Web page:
- Why TCI?
- Free Lessons
- Professional Development
Scarcity? Opportunity Cost? Goods and Services? Natural and capital resources? Teaching financial literacy to elementary students is a “Where do I begin?” situation. It’s a vocabulary nightmare, but I found a way to make it less painful for me and the students. I use literature to help me discuss these terms – the students love the stories, learn key economic concepts and can apply what they learned. That’s the best part!
The following books are great resources to explain production, consumer and producer to your students. Your students probably drink milk at almost every meal. To help them understand the process of production, I recommend the book The Milk Makers by Gail Gibbons. Cows eat special feed to make good milk. But after the cow is milked, there are still many steps the milk must go through before it reaches you, the consumer. This book describes them all. After reading this book, you’ll be surprised to find how many other things you eat and drink that come from milk.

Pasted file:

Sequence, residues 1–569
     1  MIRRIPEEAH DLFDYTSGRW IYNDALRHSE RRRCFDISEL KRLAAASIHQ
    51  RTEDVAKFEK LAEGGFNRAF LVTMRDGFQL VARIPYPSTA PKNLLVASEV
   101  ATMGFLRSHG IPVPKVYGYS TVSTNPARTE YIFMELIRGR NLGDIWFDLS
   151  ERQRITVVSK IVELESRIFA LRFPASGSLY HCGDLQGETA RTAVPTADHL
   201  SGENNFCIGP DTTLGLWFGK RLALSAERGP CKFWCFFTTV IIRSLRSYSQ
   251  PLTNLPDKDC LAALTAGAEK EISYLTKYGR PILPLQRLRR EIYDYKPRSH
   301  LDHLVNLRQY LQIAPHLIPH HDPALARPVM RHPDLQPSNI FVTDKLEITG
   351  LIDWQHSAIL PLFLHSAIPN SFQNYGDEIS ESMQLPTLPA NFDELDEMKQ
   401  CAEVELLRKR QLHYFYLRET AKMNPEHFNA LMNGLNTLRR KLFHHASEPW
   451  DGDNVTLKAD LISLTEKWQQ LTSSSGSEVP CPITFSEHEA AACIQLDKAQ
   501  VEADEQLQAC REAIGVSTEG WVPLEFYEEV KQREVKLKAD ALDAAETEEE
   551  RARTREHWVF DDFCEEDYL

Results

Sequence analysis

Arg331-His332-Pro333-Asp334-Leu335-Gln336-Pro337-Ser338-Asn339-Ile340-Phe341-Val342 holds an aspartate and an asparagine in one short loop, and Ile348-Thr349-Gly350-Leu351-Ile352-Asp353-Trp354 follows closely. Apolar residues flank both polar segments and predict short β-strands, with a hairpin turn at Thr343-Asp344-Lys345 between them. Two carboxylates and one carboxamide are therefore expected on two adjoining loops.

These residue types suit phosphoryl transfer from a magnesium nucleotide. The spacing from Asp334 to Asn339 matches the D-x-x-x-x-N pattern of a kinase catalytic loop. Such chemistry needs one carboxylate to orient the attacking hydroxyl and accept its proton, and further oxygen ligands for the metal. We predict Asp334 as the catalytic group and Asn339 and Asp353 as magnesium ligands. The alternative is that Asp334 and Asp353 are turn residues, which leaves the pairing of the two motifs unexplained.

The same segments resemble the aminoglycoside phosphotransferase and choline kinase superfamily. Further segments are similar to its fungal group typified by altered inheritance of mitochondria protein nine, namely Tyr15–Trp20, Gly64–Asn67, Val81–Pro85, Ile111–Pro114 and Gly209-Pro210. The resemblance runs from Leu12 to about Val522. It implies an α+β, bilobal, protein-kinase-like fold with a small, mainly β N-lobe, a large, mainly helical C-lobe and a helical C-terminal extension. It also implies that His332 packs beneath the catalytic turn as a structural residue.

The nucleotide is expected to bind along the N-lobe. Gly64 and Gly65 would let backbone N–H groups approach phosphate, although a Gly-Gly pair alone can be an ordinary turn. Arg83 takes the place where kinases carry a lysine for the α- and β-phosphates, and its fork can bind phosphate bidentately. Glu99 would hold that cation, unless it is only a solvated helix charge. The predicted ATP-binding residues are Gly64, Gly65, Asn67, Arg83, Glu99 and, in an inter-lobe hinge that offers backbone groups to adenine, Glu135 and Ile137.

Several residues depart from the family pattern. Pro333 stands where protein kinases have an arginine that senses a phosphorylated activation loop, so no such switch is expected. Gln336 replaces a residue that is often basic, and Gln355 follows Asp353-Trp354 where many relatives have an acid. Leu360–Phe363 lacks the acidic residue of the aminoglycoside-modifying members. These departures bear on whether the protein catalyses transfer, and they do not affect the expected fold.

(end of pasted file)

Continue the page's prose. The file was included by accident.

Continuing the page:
Another great book is Extra Cheese, Please! Mozzarella’s Journey From Cow to Pizza by Cris Peterson. This book documents the cheese-making process starting on the family farm where milking begins, then moving to the cheese-making plant where the milk is heated and cooled, stirred and swirled, thickened, drained and sliced – and finally packaged for stores. This picture book helps students understand production, producer and consumer as the reader go into the barn, onto the tank truck, and through the elaborate process of making cheese at the factory.
Processing Assignment: Have your students create a flow chart showing the production of the cheese used on pizza. Tell them they need to use the word production in the flow chart title and producer and consumer in the flow chart. Have your students share their flow charts with the class. Then, display for all to enjoy!
Just for you – I’ve attached one of my favorite TCI lessons from Social Studies Alive! Our Community and Beyond. It’s called How Does Our Economy Work?